Saturday, February 17, 2024

Coming in March: Three Princeton Adult School Classes at Herrontown Woods

Through the Princeton Adult School, I will be leading or co-leading three classes at Herrontown Woods this March. Classes meet on Saturdays, 10-12. 

To sign up, scroll down through the list of Tours and Nature Walks being offered this spring by the Princeton Adult School. Discount available if you sign up for all three.

Class Descriptions

March 2: The Herrontown Woods Experience: Hiking and Exploration (Princeton Ridge Geology and Magnetic Rocks) - Why do magnets stick to some of the rocks in Herrontown Woods?Hydrogeologist Jon Johnson discovered magnetic rocks in Herrontown Woods and tracked them back to the mother lode. We will retrace his journey, learning about the Princeton ridge's surprising geology and ecology along the way.

March 9: The Herrontown Woods Experience: Hiking and Exploration (Signs of Early Princeton Along the Ridge: Quarries, Smallholder Farms, Timber Harvest) - The mix of nature and culture at Herrontown Woods provides a window into the past. Hidden in what today is a forest are clues to a time, a century ago, when Princeton's ridge was a patchwork of small farms, woodlots and quarries. Participants will learn to recognize these clues, and the history behind them.

March 16: The Herrontown Woods Experience: Hiking and Exploration (Salamanders and Frogs in Herrontown) - Herrontown Woods is a center of amphibian life along the Princeton ridge. We'll visit some of the vernal pools where frogs and salamanders gather in the spring to lay their eggs, and learn about their varied life cycles, as well as efforts to help them survive road crossings during spring migration.

Encountering Old (Plant) Friends at Fairchild Tropical Botanical Garden

Among the many surprising encounters we had during a visit to the Fairchild Tropical Botanical Garden--during a holiday spent in Coconut Grove, more than a year ago now--was the opportunity to sit down and have a chat with the celebrated writer and conservationist Marjory Stoneman Douglas. She's aging well. After a brief bout with death in 1998, by which time she had reached the age of 108, she still looks to be going strong 25 years later. Sitting alone on a bench, she looked like she wanted company, perhaps to tell me about her seminal book, The Everglades: River of Grass, and how she helped found the Fairchild Gardens.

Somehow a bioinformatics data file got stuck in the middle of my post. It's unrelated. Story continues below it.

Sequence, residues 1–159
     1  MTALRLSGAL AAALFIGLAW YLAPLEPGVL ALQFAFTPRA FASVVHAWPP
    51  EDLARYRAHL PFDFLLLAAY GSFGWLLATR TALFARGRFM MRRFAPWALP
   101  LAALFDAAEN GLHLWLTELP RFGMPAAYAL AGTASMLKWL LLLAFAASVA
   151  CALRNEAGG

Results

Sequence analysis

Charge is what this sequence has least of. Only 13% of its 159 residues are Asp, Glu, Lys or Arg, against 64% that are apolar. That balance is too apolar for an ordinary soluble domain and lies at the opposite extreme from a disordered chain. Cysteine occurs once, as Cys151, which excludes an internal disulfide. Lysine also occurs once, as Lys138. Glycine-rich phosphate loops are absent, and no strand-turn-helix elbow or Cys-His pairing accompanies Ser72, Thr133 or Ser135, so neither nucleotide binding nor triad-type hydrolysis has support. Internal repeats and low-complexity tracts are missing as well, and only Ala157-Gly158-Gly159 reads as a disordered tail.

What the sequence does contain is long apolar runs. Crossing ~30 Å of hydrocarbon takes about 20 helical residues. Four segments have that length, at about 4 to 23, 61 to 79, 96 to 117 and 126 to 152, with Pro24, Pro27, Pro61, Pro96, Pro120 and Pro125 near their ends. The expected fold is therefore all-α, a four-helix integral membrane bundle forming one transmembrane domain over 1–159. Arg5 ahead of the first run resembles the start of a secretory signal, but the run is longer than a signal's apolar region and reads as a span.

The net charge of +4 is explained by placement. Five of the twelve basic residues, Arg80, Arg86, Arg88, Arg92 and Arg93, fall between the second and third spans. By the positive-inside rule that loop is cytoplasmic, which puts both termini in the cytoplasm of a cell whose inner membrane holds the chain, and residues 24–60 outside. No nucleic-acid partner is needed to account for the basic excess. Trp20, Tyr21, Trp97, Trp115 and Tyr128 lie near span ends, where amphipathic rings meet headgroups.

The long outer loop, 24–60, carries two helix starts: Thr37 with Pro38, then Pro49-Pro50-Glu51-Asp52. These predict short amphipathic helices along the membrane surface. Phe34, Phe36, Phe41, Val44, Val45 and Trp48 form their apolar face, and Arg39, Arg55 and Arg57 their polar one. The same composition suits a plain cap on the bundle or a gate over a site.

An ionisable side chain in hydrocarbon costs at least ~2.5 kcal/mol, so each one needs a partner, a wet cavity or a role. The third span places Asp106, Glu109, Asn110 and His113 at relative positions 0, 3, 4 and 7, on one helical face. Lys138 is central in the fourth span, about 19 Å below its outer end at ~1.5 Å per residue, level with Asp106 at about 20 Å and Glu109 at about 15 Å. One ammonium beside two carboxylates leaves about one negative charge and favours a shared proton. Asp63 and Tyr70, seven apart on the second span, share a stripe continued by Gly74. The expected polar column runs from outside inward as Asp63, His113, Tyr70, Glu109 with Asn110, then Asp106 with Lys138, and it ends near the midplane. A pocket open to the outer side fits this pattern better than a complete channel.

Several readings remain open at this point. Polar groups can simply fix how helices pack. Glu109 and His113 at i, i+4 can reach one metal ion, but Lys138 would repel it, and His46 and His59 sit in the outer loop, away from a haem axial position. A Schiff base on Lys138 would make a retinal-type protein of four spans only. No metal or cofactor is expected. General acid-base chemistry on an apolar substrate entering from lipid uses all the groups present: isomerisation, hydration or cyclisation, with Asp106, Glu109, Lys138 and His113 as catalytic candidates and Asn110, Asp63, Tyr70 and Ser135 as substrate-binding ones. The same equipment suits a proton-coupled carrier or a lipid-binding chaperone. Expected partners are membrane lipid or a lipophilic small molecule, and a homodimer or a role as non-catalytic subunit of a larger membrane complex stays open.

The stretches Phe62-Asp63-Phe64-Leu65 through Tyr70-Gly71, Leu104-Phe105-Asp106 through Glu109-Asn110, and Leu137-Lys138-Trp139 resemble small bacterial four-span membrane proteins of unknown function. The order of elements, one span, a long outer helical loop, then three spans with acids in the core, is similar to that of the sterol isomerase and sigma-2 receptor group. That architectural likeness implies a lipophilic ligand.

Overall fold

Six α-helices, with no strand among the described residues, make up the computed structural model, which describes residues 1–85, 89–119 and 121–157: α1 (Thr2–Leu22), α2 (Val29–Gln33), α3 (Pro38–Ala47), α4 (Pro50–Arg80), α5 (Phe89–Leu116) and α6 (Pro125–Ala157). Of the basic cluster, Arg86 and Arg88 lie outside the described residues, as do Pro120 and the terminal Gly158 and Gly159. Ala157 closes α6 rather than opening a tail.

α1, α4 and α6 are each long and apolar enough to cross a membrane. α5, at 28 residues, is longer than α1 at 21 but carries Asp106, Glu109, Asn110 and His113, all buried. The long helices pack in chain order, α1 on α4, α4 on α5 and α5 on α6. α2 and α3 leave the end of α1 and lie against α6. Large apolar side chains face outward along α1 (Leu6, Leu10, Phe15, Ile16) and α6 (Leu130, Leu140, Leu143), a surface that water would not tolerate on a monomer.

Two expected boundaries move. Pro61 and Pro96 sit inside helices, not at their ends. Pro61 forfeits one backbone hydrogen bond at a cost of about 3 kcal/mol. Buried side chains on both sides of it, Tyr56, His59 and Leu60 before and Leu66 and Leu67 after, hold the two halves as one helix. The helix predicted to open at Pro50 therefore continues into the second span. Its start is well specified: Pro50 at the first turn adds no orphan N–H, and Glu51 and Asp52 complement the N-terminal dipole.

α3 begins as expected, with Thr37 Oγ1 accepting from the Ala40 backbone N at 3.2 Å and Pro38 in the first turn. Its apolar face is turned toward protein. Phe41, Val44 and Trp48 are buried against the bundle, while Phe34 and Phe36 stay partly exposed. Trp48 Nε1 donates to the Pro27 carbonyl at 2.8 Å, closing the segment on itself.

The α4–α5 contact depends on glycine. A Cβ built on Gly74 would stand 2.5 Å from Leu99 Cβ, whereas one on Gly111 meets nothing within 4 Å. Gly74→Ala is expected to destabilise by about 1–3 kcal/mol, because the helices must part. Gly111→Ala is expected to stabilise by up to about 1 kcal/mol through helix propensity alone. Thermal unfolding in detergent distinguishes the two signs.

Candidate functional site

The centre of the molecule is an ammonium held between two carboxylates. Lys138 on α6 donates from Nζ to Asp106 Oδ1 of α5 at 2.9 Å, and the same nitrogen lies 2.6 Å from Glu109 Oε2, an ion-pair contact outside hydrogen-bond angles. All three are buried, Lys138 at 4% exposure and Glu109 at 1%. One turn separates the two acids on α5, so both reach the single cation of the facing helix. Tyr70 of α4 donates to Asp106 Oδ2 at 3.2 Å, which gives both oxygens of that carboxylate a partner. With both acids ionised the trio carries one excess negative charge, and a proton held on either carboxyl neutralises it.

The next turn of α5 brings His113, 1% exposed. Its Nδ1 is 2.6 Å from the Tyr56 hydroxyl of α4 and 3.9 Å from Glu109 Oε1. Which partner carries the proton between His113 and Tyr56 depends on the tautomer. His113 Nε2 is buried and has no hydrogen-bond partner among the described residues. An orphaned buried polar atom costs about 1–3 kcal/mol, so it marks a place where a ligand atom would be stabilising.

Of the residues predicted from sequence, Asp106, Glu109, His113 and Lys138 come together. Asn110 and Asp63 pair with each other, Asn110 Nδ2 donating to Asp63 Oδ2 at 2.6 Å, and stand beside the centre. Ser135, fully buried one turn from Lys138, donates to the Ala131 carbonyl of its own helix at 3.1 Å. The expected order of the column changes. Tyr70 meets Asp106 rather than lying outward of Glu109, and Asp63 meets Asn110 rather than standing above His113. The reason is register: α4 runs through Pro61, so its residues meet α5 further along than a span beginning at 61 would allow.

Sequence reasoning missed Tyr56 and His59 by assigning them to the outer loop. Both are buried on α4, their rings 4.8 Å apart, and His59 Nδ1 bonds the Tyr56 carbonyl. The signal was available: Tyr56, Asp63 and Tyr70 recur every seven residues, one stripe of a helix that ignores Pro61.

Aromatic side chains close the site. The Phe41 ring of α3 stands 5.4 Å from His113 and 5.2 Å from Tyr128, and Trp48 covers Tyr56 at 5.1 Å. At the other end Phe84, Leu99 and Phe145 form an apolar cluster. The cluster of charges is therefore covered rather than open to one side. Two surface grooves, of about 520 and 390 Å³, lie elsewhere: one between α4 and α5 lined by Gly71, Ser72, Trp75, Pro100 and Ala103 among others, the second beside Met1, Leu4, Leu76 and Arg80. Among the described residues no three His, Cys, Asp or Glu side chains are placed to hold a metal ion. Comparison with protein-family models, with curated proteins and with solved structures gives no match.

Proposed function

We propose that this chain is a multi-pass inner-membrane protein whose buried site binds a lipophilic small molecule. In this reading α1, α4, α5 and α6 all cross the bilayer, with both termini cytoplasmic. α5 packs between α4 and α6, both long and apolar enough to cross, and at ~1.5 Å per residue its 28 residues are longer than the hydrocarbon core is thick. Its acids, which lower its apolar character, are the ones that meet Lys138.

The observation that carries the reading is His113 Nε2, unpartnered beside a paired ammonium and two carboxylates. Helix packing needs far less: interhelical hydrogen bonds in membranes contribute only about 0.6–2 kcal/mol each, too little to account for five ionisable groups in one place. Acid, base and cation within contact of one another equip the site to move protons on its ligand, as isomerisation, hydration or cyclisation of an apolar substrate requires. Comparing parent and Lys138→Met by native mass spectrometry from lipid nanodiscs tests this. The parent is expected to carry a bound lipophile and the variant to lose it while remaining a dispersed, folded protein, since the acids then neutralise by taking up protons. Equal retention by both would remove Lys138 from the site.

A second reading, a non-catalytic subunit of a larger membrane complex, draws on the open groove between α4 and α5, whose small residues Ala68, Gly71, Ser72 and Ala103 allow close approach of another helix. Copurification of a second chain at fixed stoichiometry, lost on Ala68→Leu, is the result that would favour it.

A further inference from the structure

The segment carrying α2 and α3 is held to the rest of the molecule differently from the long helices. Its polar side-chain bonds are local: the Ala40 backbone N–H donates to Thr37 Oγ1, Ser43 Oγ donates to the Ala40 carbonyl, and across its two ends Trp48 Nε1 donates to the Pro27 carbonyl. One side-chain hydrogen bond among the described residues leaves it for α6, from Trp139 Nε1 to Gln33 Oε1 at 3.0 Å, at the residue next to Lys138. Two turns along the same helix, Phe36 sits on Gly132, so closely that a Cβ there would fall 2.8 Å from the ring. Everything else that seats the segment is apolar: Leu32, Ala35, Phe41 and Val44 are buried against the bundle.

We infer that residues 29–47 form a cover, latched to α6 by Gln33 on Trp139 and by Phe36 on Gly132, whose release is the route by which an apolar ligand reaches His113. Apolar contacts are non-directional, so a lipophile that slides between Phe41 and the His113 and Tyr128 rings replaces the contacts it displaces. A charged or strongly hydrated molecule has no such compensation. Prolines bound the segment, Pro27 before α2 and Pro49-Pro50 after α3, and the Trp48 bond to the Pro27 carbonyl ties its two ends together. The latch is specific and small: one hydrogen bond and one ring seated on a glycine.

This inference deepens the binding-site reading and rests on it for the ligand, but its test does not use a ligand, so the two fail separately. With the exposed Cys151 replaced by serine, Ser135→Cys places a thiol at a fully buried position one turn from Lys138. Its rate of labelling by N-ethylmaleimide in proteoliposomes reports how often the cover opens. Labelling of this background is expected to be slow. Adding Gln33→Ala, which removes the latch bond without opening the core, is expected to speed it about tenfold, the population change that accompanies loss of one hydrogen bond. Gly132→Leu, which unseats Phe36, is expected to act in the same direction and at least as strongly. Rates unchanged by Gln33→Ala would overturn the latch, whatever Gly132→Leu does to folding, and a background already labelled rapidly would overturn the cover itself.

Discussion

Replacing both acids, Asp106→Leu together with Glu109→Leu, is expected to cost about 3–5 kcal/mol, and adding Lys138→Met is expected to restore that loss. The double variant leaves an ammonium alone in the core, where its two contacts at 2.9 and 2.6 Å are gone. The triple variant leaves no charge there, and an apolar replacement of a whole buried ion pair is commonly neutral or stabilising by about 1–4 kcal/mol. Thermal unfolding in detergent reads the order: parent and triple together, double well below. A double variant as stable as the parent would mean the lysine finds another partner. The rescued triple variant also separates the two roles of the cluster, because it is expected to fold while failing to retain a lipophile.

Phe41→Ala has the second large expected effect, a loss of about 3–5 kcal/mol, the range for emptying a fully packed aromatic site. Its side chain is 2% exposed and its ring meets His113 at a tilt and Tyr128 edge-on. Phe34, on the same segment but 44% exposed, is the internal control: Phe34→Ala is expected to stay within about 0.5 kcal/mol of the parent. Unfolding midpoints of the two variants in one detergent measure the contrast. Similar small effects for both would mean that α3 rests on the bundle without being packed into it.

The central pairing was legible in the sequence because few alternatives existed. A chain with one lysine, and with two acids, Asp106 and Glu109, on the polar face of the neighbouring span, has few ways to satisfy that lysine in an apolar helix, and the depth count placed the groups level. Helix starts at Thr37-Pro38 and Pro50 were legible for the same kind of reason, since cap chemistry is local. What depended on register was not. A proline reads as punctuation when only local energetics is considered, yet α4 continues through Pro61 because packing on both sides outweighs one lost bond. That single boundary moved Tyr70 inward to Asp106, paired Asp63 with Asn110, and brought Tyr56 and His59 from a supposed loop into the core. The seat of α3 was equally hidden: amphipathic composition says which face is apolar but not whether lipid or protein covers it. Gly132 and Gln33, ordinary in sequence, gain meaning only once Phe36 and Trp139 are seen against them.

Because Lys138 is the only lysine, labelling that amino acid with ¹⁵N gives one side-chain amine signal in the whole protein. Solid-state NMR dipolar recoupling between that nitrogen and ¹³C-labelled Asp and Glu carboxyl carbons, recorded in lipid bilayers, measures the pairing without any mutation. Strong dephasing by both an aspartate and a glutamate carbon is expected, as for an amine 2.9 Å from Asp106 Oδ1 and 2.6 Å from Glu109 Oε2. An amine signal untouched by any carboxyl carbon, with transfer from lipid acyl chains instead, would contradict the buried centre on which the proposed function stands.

Walking the paved trails that wind through 83 acres, I felt suffused with a bloom of happiness. Maybe I was empathizing with all the happy plants. In Princeton, things can be bleak in winter, but even in summer there is evidence everywhere of trees dying back due to introduced insects and diseases. This patch of Florida is by comparison exuberantly florid. 

Or maybe it was the endearing mix of impeccable and casual, which perhaps reflects the Garden's varied founders, who range from an accountant/businessman to a worldwide explorer to environmental advocates like Douglas. The grounds are at once formal and informal. Paved trails have imprints of leaves and fruits. Encountering no clear route from the parking lot to the visitors' center, we ducked through a shrub border. The lawns are manicured, and yet the plant labels are low-key, well-aged and aging well. 

Structures range from  a sophisticated greenhouse hosting tropical plants and myriad butterflies to this authentic-looking thatched roof pavilion. 

Along the winding paths, there were old friends, like this thriving ombu. Lacking true wood, it is really an overgrown forb masquerading as a tree. I first encountered it in Argentina, where stories tell of it giving shelter to gauchos out on the pampas. Its latin name, Phytolacca dioica, shows it to be in the same genus as our pokeweed. If you saw it blooming, as I did once in a park in the Recoleta neighborhood of Buenos Aires, you might think you're looking at a pokeweed 50 feet high.
How often do we get to see a baobab tree, and a massive one at that? 

Witnessing this assemblage of plants from around the world stirred all sorts of memories of past travels. This tree reminded me of a hike up into the hills outside Medellin, Columbia, in 1974, where a patchwork of hand-cultivated onion fields gave way to small hilltop forests of tree ferns and hummingbirds. 
Petrified wood triggered memories of visiting a petrified forest during a long drive through Argentine Patagonia.
And this swollen trunk brought the name "palo borracho" to mind, a name that translates to "drunken stick", in reference to the bottle-shape of the trunk. They are common along the streets of Buenos Aires. I think this one is Ceibe speciosa, the silk floss tree, closely related to the kapok tree.

The Garden's 83 acres were donated by an accountant and businessman named Robert Montgomery, who counted among his friends the globetrotting plant collector David Fairchild, who lived next door and supplied many of the plants. The garden's website describes how Fairchild "visited every continent in the world (except Antarctica) and brought back hundreds of important plants, including mangos, alfalfa, nectarines, dates, cotton, soybeans, bamboos and the flowering cherry trees that grace Washington D.C."